This very shortness of time since she started must be considered when the question is asked, “What has woman accomplished in journalism?” She has supported herself, but little can be said of what she has actually done for she has not been “in the harness” long enough; she has not had a chance to give even a single great woman journalist to the world such as men have in James Gordon Bennett, Henry J. Raymond, Horace Greeley, Samuel Bowles, Charles A. Dana, Victor F. Lawson, Joseph Medill, Henry Watterson, and others.

Woman adopted newspaper work as a necessity; as a means of livelihood. She came to it without previous training, for she never dreamed she would be a part of the great institution in which she is now becoming a factor. It was a distinct innovation when the first newspaper added a woman to its corps of editors. And that was only a few years ago. Now there is scarcely a large daily that has not from one to twenty women on its staff, and a few of the largest metropolitan have a greater number. These women are learning the profession; what they will accomplish will rather be the history of the twentieth century than it is of the nineteenth century. For it must be well understood that journalism is not an art which one can be pick up in a moment or successfully master in a brief experience. On the contrary, it is one of the most difficult of the professions, calling, as it does, for so much. Education, mental training; a goodly supply of vigorous health to give staying power; character and dignity — these are the essential parts of a woman’s necessary qualifications for newspaper work. For her work touches every phase of life and society and there education is .necessary; she must be alert and there mental training comes in; her hours are long and good health is required to withstand the physical and mental exhaustion, and she must win the respect of those among whom she works and those whom her lines touch in the great outer world. That means dignity and character. All this is not needed for the simple writing society personal.But society personals are neither very lucrative nor educative.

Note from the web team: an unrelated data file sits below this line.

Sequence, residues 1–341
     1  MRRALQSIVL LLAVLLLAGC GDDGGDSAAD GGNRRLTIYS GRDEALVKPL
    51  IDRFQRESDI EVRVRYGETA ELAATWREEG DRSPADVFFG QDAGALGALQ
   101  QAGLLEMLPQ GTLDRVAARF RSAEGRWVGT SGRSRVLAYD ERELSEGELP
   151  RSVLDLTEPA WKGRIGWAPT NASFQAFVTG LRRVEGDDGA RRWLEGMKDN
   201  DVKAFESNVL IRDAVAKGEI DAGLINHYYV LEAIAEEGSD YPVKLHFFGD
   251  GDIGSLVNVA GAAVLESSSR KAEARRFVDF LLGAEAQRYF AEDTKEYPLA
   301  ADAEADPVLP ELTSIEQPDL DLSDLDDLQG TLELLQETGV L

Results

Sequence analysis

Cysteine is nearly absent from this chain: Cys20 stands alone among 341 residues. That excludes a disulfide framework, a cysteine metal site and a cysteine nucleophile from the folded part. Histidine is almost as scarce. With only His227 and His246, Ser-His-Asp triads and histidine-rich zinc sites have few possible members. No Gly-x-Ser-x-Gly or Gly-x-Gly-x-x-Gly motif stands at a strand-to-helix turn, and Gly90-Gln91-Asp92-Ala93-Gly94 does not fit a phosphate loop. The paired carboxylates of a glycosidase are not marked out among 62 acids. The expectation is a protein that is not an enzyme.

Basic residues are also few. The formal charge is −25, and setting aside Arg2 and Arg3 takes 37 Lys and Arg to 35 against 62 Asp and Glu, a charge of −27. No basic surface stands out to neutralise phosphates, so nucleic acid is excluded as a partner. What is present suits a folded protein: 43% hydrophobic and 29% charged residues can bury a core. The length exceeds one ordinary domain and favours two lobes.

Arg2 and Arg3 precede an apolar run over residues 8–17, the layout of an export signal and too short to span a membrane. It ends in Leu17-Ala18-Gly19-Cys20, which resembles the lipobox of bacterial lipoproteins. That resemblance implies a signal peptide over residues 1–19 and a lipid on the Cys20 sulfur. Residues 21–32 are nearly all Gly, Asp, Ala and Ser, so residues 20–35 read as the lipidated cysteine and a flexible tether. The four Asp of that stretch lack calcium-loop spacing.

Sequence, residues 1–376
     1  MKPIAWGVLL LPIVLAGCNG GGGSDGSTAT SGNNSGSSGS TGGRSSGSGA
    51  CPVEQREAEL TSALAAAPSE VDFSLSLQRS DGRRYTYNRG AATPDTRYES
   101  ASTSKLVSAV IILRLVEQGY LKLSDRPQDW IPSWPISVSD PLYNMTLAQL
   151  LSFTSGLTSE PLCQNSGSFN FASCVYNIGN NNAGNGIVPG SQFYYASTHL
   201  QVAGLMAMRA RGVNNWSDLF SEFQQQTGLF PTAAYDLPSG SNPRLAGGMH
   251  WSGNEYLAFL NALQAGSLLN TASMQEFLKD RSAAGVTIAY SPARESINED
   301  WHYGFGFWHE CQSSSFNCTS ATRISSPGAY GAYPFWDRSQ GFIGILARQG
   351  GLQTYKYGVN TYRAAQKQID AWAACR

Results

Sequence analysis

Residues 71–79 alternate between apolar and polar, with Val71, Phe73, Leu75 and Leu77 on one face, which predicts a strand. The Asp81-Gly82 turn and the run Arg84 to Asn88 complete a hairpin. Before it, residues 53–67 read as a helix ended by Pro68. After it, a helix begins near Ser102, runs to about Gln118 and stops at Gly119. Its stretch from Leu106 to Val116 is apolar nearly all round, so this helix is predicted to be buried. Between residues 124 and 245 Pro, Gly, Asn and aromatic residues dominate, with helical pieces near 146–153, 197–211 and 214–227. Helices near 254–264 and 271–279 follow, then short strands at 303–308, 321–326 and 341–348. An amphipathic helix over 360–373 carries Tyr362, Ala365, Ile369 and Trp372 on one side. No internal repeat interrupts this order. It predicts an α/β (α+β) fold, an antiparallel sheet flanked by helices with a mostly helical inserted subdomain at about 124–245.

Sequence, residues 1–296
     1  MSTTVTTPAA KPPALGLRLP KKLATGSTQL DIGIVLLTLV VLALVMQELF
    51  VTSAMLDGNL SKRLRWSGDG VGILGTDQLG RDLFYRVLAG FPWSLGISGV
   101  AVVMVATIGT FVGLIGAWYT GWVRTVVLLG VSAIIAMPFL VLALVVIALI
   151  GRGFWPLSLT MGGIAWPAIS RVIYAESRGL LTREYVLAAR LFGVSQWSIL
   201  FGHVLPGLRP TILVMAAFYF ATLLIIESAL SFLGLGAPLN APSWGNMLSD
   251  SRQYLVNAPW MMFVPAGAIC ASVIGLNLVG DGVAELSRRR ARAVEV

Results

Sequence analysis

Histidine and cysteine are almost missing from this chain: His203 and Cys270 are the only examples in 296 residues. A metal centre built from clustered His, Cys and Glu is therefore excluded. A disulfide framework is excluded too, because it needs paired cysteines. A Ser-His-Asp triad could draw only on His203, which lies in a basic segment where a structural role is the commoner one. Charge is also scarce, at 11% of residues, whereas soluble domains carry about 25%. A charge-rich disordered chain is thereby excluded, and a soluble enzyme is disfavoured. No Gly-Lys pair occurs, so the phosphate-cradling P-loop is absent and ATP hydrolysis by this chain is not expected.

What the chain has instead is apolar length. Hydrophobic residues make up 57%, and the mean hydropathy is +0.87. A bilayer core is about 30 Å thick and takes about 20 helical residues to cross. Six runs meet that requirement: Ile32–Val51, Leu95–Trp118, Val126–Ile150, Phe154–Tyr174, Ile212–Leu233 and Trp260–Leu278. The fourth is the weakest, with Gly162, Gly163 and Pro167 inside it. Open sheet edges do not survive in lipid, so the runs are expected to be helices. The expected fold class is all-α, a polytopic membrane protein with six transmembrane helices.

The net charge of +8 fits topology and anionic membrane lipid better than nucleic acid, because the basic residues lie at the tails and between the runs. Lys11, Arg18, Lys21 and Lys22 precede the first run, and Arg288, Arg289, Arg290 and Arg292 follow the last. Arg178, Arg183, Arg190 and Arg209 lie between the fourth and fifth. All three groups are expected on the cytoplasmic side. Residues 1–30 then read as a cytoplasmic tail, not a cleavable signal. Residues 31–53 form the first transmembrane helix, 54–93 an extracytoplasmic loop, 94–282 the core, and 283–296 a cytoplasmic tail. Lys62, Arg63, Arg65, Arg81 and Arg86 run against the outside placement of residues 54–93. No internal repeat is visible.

What she has done, therefore, so far, is rather in the line of promise than of achievement: in giving assurance that the next century will see her beyond the experimental stage, out of the amateur ranks, and in line with the professional journalists. In actual achievement, she has, by interjecting her femininity into the newspaper through articles or departments, made woman-at-large take up the newspaper more than she did in the past, and read it. The woman’s page, so prevalent in the newspaper through articles and departments, made woman-at-large take up the newspaper more than she did in the past, and read it. The woman’s page, so prevalent in the newspaper today, can hardly be spoken of as successful. For the most part, it is an insult rather than a credit to woman’s intelligence. But the introduction of the woman’s page led thousands of women who had never taken up the newspaper to glance at it, and from their reading, pleasant or otherwise, of the “woman’s page” their interests were led into the more legitimate parts of the newspaper. And thus the woman of today has become far more than her ancestors were, a reader of the newspaper. This is an advantage, a growth; for while it does not sweeten a woman to be en rapport with the suicides, murders, and foul politics with which the papers of today teem, it is important that woman as a sex should have an intelligent knowledge of the national questions which are shaping the history of the country and which find their newsiest and often their truest exposition in the newspaper. And this is undoubtedly what the newspaper woman has done; she has begun to accomplish for her sex more, perhaps, than she has actually accomplished for herself, although, she has helped her sex, she has helped herself.